You see there are a few possibilities, life gets better, life gets worse…life gets better and then worse, life stays the same. In my life it got better then worse, got better again then worse than before, this cycle went 3 times or so and left me feeling life wouldn’t ever stay good. I had been to a variety of counselors, psychologists, many many attempts to stop the bullying at multiple schools across all the grades but it got worse n worse. My health suffered as well, depression, obesity, sleep apnea, untreated adhd, grades went to shit, a social anxiety disorder popped up bigtime and life was no longer really living but existing. It got so bad that the feeling of a cut on my arm was better than how I felt inside, the pain distracted me as I felt so empty that the sharp stinging actually made me feel an emotion of physical pain instead of mental. It also showed real visible wounds, scars that you can see vs the scars I have inside that no one can really notice unless I give them my full history.

          So keeping that in mind is it rational to keep existing, knowing you will be in pain, knowing life will fuck you around, knowing people will hurt you and abuse you? Or is it rational to realize enough is enough and end the pain n suffering, finally find some peace? Is it rational to believe in hopes of life getting better, that life will turn around and become better for you?

          They’re all rational quite frankly, they’re judgments made with intelligence using past experience with reasonable understanding of how your own pain exists. But we cannot tell the future, so life can get better, stay the same, or get worse. In my life I had this curiosity of what comes next, wondering if around the corner was a ray of hope and that is the ONLY thing that kept me alive. I got extremely close to ending it all just after high-school, after watching my father die and my health went very bad but I was curious at what was around the corner.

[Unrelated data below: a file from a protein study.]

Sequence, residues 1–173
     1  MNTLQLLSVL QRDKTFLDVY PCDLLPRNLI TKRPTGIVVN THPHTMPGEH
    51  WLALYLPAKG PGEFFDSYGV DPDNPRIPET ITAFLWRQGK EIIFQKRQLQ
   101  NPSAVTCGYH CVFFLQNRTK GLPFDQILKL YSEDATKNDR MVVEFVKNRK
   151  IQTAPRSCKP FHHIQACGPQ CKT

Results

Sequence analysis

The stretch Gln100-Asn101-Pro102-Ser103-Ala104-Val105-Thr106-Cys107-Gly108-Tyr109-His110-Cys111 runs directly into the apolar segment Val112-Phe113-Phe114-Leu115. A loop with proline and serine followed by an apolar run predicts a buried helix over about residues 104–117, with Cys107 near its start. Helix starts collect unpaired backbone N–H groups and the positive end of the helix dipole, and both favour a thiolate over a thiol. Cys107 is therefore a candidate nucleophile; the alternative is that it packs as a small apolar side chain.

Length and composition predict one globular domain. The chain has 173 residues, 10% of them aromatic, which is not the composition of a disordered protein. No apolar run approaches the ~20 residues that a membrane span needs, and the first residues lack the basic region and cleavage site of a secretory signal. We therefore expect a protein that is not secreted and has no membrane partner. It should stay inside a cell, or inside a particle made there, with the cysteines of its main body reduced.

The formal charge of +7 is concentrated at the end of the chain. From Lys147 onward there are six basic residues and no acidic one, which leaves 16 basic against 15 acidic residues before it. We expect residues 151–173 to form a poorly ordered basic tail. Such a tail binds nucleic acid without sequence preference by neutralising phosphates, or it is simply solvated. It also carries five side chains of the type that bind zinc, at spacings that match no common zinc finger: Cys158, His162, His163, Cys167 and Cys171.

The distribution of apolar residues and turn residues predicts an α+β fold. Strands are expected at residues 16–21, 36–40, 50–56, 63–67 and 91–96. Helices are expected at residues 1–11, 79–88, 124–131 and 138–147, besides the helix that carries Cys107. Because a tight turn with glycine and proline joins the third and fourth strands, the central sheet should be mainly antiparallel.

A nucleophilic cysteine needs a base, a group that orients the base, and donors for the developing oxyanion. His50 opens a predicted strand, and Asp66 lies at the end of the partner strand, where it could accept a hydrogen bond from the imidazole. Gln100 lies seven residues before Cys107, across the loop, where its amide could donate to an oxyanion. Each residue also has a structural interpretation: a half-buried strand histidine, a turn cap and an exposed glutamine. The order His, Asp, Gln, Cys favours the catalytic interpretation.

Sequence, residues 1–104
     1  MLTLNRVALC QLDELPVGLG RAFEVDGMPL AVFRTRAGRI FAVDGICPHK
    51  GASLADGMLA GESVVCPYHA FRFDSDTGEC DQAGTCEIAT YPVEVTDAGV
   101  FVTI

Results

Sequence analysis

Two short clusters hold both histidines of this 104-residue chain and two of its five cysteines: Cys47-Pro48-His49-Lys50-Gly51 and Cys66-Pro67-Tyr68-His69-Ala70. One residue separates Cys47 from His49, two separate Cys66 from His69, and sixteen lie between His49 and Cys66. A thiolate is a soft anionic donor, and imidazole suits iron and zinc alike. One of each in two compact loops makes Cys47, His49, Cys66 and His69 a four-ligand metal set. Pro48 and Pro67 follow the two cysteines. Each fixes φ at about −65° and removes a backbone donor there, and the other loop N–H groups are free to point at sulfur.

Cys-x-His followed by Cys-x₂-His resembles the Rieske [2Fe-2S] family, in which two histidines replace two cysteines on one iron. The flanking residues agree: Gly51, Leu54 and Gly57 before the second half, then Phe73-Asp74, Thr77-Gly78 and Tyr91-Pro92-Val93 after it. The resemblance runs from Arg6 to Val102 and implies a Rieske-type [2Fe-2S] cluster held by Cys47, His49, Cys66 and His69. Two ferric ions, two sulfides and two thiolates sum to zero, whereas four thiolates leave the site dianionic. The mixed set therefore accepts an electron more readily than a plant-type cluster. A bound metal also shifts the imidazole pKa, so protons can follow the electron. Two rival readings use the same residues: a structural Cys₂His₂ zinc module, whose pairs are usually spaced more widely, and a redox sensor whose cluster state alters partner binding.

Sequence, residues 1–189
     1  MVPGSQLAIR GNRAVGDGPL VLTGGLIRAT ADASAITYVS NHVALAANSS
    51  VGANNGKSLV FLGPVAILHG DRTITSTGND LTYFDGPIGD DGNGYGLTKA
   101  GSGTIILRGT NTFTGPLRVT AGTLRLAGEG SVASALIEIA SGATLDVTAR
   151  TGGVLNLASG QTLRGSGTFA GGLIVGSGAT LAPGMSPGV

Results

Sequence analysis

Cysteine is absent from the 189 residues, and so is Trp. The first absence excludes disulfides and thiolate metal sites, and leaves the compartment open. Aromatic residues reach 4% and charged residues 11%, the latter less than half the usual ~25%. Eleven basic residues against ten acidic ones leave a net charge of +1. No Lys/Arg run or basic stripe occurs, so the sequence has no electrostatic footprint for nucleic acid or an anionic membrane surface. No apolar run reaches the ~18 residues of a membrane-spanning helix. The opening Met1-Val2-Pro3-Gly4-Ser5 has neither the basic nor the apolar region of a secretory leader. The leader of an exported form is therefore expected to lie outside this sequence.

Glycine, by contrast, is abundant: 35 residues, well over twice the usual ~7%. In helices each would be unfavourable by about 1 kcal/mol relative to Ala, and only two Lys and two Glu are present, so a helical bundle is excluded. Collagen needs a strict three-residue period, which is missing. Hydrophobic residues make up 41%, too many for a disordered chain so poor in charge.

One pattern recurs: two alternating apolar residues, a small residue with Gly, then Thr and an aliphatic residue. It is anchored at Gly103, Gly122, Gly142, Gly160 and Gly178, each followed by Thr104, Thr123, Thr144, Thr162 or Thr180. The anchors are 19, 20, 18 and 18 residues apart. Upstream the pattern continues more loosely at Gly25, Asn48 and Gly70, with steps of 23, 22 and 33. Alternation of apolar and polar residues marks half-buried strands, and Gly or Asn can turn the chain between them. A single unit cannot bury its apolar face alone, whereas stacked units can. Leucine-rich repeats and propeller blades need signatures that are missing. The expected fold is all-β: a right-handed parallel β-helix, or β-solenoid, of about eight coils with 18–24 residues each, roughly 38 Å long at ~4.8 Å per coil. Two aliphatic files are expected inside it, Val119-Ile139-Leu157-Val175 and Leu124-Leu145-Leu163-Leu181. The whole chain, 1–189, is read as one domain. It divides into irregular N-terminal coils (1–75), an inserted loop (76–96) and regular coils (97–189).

I worked hard at turning it around, the catalyst was weight-loss surgery to help bring me down in weight which in turn gave me more energy and my sleep apnea disappeared, it increased my confidence which allowed me to seek more treatment with professionals for my mental issues. My social anxiety left me afraid of the world and pretty much inside a house for most of a decade, unable to work. But I persevered and continued fighting it all, got treatment for adhd, social anxiety and slowly have worked on my mind and body to bring me to a stage in my life I’m about to take a new step. I am much fitter but with more to go, my confidence is rising a lot after doing a photography course and doing well at it, even considering starting a business and working again. I do work at home with cleaning, building stuff, fixing up broken shit, all to prepare me for working at a real job and also to help give me the confidence n strength to overcome all that past history.

          It’s been about 20years since the start of my bullying, and most of it ended about 7 years ago but it left me crippled with fear and hiding from the world. If I knew it would have taken 5-10 years after my major suicide risk time to get even remotely better I’m not sure I would have waited, I’m glad I did now because I know so much that very few get to understand and with that is understanding somewhat of the feeling of hopelessness, judging a major decision of whether to continue living in a world of pain or ending it all. Quite frankly I can’t fault people that suicide, it’s their choice but we all need to ask ourselves what makes life so painful for people that they not only desire but actually do overcome the extremely strong instinct for self-preservation? This kid had to overcome instincts that keep us alive! That is an incredible amount of pain and suffering to over-ride and succeed at ending your life.

          It’s a major tragedy whenever anyone commits suicide but don’t you dare ever assume no one else has responsibility. If you continually bully, harm, abuse someone to the point they kill themselves, YOU have blood on your hands. Some handle abuse “better” than others, some turn to drug/alcohol abuse, some to violence, some to suicide or self harm, some seem to bounce back quick, some take years/decades, some never recover, some take enormous amounts of help which may or may not help, some take no help. Slap a dog and expect to get bitten, abuse someone and expect to get bitten, they may not bite you but they might end up shooting you or a bunch of others. There are many possibilities but we all have responsibility to those we harm, we have responsibility to protect our kids especially in schools. It’s sickening to hear people assume the responsibility for suicide lies solely on the deceased, it’s pathetic and wrong.